The chimera of tri-service commands - Broadsword by Ajai Shukla - Strategy. Economics. Defence.

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Thursday 16 January 2020

The chimera of tri-service commands

India does not need tri-service joint commands; it needs joint operational planning

By Ajai Shukla
Business Standard, 17th Jan 20

Discussions on strengthening the apex level management of the military usually find agreement on the need for two reforms. The first is the requirement to appoint a tri-service chief to coordinate between the three services – the army, navy and air force – and to provide single-point military advice to the executive leadership. This has been partially implemented with the New Year Day appointment of India’s first Chief of Defence Staff (CDS). He has been charged with inter-service coordination, but will advise the government only on tri-service matters, while the three service chiefs will continue advising on matters relating to their respective service. 

The second reform that most experts agree on is the need for the three services to group themselves into tri-service combatant commands, rather than the current plethora of single-service commands they currently run, organised on a geographical basis – e.g. the army’s Northern Command, Western Air Command, Southern Naval Command, etc. It is argued that this dysfunctional separation should be eliminated by establishing tri-service commands, with each one given command of all the army, navy and air force units it requires to prosecute combat operations in wartime. One integrated, tri-service command already exists: the Andaman & Nicobar Command (ANC). But that trial balloon was never extended elsewhere.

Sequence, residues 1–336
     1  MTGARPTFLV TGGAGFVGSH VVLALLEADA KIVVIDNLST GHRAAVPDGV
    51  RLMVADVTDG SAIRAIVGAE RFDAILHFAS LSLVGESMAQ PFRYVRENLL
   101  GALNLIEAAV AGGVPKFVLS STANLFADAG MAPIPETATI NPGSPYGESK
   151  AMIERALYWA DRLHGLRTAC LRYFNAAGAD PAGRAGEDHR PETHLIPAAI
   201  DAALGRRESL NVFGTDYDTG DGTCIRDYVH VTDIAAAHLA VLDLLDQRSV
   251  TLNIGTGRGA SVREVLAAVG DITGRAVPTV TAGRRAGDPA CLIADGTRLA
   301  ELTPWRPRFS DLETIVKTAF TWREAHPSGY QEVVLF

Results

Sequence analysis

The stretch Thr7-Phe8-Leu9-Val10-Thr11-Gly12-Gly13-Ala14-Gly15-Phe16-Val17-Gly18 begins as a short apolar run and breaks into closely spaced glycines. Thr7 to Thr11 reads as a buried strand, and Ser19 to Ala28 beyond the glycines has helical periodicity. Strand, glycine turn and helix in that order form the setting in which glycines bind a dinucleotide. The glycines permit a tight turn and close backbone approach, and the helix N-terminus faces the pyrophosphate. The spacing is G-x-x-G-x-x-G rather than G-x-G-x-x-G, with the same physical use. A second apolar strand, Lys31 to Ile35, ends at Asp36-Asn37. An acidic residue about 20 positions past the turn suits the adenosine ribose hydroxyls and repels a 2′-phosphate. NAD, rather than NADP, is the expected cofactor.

The US military was the first to implement the concept of geographically dispersed tri-service integrated commands. In 1947, it established five geographic combatant commands (such as Central Command, Africa Command, Indo-Pacific Command, etc.) that, between them, cover the globe. In addition it has four functional combatant commands, responsible variously for Special Operations, strategic forces, transportation and cyber warfare. In 2016, China’s People’s Liberation Army copied this model, reorganising its seven “Military Regions” and three “Navy Fleets” into five joint theater commands with elements from all three services. China’s initiative intensified the clamour amongst Indian reformers to also take steps to implement joint, tri-service commands. The Christmas Eve announcement notifying the creation of the CDS charged him with: “Facilitation of restructuring of military commands… by bringing about jointness in operations, including through establishment of joint/theatre commands.” The first CDS, General Bipin Rawat, has already held meetings to discuss the way forward with the three service chiefs.